In The News

Long-term Metformin Use and Vitamin B12 Deficiency in the Diabetes Prevention Program Outcomes Study

February 22, 2016. This secondary analysis of data from the Diabetes Prevention Program Outcomes Study (DPPOS) followed patients for approximately 13 years to assess the risk of vitamin B12 deficiency with long-term metformin use. Investigators found that low B12 levels (≤203 pg/mL) were significantly more common at 5 years in patients taking metformin versus placebo (4.3% vs 2.3%, P=0.02), but not at 13 years (7.4% vs 5.4%, P=0.12).

AACE Consensus Conference on Continuous Glucose Monitoring Issues Statement

March 2016. Participants in a recent Consensus Conference on Continuous Glucose Monitoring (CGM) held by the American Association of Clinical Endocrinologists (AACE) agreed that access to CGM should be available to all patients who could benefit from it. The conference addressed 4 key questions related to CGM technology: 1) physician/patient benefit from expanded CGM use; 2) the relevance and reporting of CGM data; 3) interpretation and reporting of CGM data; and 4) currently available clinical data.

AACE/ACE Release Their 2016 Outpatient Glucose Monitoring Consensus Statement

February 10, 2016. The American Association of Clinical Endocrinologists (AACE) and the American College of Endocrinology (ACE) have announced the publication of their outpatient glucose monitoring consensus statement. The statement provides detailed analyses to support precise recommendations for the type of system and frequency of use for either self-monitoring blood glucose therapy or continuous glucose monitoring to reduce short- and long-term complications of diabetes.

ACCORD Trial Follow-up: 9-Year Effects of 3.7 Years of Intensive Glycemic Control on Cardiovascular Outcomes

February 2016. This study reports on the long-term follow-up of patients in the Action to Control Cardiovascular Risk in Diabetes (ACCORD) trial. The original ACCORD trial evaluated the impact of a mean 3.7 years of intensive vs standard glycemic control in patients with type 2 diabetes and other cardiovascular (CV) risk factors. The study found a neutral effect on the composite CV outcome, increased CV and total mortality, and reduced nonfatal myocardial infarction (MI).

Heart Failure Outcomes With Empagliflozin in Patients With Type 2 Diabetes at High Cardiovascular Risk: Results of the EMPA-REG OUTCOME Trial

January 26, 2016. This follow-on study to the EMPA-REG (Empagliflozin, Cardiovascular Outcomes, and Mortality in Type 2 Diabetes) OUTCOME trial in patients with type 2 diabetes (T2D) and high cardiovascular risk evaluated heart failure–related outcomes across all patient groups (empagliflozin 10 mg, 25 mg, or placebo; N=7,020). Investigators found that treatment with empagliflozin improved heart failure–related hospitalization and cardiovascular mortality rates (5.7% in patients treated with empagliflozin, 8.5% in placebo; P<0.001).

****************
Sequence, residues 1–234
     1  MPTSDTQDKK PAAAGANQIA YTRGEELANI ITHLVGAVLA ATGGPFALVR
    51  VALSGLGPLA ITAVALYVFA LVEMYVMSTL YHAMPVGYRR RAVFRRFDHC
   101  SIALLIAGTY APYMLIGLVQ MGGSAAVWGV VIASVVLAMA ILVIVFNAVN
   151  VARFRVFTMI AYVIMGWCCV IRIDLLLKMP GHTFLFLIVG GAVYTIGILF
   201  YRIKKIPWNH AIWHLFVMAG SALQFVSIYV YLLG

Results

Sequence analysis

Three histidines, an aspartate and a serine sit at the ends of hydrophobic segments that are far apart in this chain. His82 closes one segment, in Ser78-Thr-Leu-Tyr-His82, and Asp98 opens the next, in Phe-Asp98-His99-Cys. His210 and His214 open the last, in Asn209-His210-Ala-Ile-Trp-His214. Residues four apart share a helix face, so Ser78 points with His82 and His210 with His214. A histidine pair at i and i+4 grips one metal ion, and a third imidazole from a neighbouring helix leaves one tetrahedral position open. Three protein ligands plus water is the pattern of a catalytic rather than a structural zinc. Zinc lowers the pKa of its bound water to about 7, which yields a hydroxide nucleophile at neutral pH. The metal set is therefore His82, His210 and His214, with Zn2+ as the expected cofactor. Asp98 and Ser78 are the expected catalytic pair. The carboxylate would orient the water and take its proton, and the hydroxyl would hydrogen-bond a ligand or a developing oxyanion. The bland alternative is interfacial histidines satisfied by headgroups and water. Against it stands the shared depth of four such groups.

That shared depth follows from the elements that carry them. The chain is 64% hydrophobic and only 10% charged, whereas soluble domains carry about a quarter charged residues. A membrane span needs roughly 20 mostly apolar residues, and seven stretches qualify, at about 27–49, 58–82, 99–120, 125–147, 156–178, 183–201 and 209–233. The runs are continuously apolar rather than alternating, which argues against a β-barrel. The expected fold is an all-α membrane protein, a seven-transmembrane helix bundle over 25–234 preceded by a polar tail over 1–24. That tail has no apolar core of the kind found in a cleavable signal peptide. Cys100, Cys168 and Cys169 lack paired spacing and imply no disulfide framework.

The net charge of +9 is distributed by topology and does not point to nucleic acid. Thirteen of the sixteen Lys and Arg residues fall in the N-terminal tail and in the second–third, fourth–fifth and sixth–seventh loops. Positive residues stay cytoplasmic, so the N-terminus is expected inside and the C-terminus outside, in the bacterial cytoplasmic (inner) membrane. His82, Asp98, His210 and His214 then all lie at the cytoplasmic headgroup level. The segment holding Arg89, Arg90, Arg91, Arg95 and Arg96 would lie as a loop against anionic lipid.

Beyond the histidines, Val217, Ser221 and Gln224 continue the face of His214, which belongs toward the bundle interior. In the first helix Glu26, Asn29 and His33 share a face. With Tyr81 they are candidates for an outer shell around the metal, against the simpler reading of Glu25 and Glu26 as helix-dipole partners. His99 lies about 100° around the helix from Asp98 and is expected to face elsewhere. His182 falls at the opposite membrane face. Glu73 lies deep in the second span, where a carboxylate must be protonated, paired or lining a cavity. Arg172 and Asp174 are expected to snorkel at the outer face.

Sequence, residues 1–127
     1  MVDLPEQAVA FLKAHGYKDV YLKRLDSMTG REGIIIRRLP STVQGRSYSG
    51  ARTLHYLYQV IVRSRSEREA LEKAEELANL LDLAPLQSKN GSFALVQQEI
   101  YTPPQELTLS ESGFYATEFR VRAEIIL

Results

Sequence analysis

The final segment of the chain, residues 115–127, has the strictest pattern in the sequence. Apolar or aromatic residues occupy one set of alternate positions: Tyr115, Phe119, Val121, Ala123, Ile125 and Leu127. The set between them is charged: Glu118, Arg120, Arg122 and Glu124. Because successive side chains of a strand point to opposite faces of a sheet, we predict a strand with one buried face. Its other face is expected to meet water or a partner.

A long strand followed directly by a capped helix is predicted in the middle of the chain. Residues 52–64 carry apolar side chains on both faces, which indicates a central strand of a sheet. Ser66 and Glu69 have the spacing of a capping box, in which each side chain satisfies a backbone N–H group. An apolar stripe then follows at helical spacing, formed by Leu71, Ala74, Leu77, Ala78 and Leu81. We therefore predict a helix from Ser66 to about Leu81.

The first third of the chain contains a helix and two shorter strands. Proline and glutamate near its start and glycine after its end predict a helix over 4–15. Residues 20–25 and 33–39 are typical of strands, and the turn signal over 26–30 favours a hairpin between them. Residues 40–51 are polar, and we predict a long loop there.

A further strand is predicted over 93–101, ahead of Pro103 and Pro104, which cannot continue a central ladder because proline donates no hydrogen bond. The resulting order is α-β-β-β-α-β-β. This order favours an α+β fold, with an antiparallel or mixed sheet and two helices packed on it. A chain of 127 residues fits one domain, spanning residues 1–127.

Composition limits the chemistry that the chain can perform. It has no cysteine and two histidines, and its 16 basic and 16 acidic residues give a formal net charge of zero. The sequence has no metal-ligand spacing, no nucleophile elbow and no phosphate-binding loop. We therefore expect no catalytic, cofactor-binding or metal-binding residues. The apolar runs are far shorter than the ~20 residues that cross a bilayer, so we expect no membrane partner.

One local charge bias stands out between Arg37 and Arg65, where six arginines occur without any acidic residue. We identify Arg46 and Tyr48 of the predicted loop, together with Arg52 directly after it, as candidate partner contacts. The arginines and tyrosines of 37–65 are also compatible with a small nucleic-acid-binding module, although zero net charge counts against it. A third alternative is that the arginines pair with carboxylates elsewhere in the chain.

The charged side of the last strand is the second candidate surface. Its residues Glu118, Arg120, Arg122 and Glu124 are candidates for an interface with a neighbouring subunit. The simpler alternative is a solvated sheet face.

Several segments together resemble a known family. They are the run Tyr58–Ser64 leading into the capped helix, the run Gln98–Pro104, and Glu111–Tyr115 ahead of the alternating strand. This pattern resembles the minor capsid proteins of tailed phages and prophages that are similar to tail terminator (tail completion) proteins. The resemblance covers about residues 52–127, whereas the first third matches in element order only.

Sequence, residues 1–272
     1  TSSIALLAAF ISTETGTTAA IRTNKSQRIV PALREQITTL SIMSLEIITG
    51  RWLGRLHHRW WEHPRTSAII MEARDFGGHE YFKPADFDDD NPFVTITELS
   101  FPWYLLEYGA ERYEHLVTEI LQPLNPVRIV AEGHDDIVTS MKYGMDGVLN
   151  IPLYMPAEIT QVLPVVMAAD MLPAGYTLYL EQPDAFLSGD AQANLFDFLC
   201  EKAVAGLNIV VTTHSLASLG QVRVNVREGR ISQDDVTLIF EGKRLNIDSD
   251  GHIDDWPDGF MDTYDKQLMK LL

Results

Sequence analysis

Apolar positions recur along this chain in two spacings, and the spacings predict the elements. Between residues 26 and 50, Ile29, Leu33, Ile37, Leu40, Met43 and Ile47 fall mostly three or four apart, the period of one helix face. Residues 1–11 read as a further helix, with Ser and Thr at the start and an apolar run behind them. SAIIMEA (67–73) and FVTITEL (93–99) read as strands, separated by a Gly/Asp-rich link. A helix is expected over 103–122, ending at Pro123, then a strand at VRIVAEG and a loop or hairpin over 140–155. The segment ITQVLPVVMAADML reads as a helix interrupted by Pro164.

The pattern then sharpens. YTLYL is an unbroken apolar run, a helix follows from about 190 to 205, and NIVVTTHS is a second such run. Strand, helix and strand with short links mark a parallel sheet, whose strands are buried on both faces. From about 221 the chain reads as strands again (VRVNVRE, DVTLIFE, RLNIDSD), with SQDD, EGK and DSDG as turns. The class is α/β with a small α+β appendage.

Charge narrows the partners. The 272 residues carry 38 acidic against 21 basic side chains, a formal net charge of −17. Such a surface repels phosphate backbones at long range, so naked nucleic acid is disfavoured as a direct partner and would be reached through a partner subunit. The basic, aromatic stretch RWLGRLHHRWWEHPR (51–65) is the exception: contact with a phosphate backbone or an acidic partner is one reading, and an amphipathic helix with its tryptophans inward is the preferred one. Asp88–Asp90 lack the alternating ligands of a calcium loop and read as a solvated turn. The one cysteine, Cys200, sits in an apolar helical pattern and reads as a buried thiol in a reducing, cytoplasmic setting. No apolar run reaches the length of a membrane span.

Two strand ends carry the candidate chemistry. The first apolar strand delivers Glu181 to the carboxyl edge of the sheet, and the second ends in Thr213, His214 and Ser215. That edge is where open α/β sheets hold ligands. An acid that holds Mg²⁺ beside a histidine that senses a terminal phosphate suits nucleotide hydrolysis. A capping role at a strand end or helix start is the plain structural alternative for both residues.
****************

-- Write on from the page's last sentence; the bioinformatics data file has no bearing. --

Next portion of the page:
Sustained Efficacy of Insulin Pump Therapy versus Multiple Daily Injections in Type 2 Diabetes: 12-month Data From the OpT2mise Randomized Trial

February 8, 2016. This randomized, controlled study was developed to compare insulin pump versus multiple daily injection (MDI) therapy in patients with type 2 diabetes receiving basal and prandial insulin. Following a 2-month dose-optimization period, patients (N=331) with elevated A1C levels (mean 9.0%) were randomized to pump therapy or MDI for 6 months. Investigators found significantly reduced A1C levels in pump compared with MDI patients (-1.1% vs -0.4%, respectively; P<0.001). These improvements were maintained in the pump therapy group through 12 months.

Markers of Beta-Cell Failure Predict Poor Glycemic Response to GLP-1 Therapy in Type 2 Diabetes

February 2016. This prospective analysis evaluated clinical responses in 620 patients with type 2 diabetes treated with a GLP-1 receptor agonist (GLP-1RA) to determine whether clinical characteristics and markers of beta-cell failure are associated with individual response to GLP-1RA use. Participants were required to have an A1C level >7.5% and were followed for 6 months.

The Time Is Right for a New Classification System for Diabetes: Rationale and Implications of the Beta-Cell–Centric Classification Schema

February 2016. This article issues an urgent call to review the current diabetes mellitus (DM) classification system. The authors argue for a new, beta-cell–centric classification of DM, a model that presupposes that all DM originates from a final common denominator: abnormal pancreatic beta-cell function. Interactions between genetically predisposed beta-cells and a number of factors lead to a range of hyperglycemic phenotypes within the DM spectrum.

Antidepressant Medication Use and Glycemic Control in Co-Morbid Type 2 Diabetes and Depression

January 7, 2016. Depression is highly prevalent in patients with diabetes and is associated with multiple negative outcomes. This retrospective cohort study (n=1399) evaluated patients with concurrent type 2 diabetes and depression who attended ambulatory primary care visits to assess whether the use of antidepressant medications was associated with good glycemic control (defined as A1C

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